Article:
Posts Tagged with “politics”

Meeting the California Secretary of State

March 18th, 2010

Last week at an Open Source Digital Voting Foundation event I had the chance to meet Debra Bowen, the California Secretary of State. The Secretary of State is the elected official responsible for the integrity of the electoral process — making sure that our voting system is accurate and honest and counts every vote correctly.

After talking to Secretary Bowen I ended up quite happy that she was elected to this role. Secretary Bowen is deeply interested in transparency, openness, and privacy. She is also a strong advocate for using open source software as the basis for digital voting equipment. Not long after she was elected she commissioned an independent review of the reliability of voting equipment and the auditing process, and found some disturbing facts. She’s been active in trying to fix these to bring more accuracy and trustworthiness to our system.

It was really fun to meet an elected official who understands implicitly that software code can effect our lives in much the same way as legal codes can.

I also learned that one of the big surprises I had at my local polling place recently is due to Secretary Bowen. The average age of the people who donate their time to run the polls in California is — again according to Secretary Bowen — 77 years old. But last time I went to vote there was a young woman there. We talked to her a bit — she was a high school student. It turns out that Secretary Bowen has a program to encourage high school and college students to participate in making the voting process possible. It seems a giant step forward from how I grew up, which was simply taking the whole process for granted.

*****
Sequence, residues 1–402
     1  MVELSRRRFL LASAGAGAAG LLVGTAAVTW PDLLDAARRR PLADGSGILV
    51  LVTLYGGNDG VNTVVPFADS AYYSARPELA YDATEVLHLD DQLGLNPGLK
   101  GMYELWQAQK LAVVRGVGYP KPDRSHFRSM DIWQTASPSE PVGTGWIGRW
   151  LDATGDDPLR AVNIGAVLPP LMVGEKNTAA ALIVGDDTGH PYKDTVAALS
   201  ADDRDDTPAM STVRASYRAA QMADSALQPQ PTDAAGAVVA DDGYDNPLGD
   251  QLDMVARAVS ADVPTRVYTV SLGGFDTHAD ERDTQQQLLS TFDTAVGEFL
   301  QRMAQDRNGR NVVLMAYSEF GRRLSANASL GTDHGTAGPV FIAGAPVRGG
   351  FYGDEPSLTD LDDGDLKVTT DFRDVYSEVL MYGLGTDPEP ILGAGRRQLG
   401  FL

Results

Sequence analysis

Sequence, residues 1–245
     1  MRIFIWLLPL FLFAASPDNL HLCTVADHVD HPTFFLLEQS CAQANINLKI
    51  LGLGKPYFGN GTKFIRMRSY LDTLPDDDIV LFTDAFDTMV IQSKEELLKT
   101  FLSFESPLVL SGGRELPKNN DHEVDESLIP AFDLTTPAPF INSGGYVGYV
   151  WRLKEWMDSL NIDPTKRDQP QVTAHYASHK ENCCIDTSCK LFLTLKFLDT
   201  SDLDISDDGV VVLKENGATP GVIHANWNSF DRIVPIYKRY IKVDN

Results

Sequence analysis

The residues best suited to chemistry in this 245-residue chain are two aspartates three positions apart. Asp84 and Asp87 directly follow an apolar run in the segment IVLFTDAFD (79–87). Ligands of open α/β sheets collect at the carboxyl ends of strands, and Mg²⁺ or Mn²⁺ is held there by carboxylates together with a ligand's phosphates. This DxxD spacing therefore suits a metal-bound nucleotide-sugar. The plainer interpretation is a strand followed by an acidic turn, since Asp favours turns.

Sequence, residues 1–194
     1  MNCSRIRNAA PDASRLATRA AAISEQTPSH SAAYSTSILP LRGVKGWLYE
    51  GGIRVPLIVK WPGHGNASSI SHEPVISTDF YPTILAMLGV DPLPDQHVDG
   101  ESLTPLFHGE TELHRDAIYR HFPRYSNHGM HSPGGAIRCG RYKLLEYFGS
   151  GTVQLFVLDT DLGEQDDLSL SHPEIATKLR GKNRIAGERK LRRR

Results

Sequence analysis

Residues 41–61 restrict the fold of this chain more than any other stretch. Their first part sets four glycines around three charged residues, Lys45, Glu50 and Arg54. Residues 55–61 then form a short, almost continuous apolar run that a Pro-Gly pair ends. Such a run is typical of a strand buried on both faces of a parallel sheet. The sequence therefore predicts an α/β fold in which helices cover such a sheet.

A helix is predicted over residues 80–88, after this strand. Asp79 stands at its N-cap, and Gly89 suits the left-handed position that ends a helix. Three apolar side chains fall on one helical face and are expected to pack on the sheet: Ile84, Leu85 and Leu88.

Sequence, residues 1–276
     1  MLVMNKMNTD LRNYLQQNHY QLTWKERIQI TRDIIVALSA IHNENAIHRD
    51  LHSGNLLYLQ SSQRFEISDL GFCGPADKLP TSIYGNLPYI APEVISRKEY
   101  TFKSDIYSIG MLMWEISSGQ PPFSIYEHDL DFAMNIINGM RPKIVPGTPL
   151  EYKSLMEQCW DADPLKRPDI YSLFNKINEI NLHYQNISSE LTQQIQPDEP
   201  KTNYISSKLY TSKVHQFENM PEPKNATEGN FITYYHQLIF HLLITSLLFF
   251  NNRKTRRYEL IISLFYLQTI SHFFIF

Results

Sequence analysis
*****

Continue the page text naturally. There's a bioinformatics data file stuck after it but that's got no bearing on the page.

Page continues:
Election Day

November 4th, 2008

I have to confess that today working is sort of a background task; concentrating on anything other than the election is very hard. Not many people in the office yet today; I suspect that voting lines are causing this.

Voting By Mail

November 3rd, 2008

Last Monday I voted by mail, for the first time ever. I thought I would be traveling on election day so I voted by Absentee Ballot. I’ve voted this way before, but always before I’ve physically delivered the Absentee Ballot to a voting official by dropping it off at the voting office. This is the first time I’ve actually put my ballot in the mail. It was creepy. I didn’t like it. The idea that my vote now depends not only on the election mechanism but on the postal service as well is disconcerting. I probably put double the amount of postage necessary. I kept looking out my window to watch for the mail truck stopping at the mailbox. I at least wanted to see my vote get out of the mailbox; but somehow I missed it.

Next time I’m going to skip the mail.

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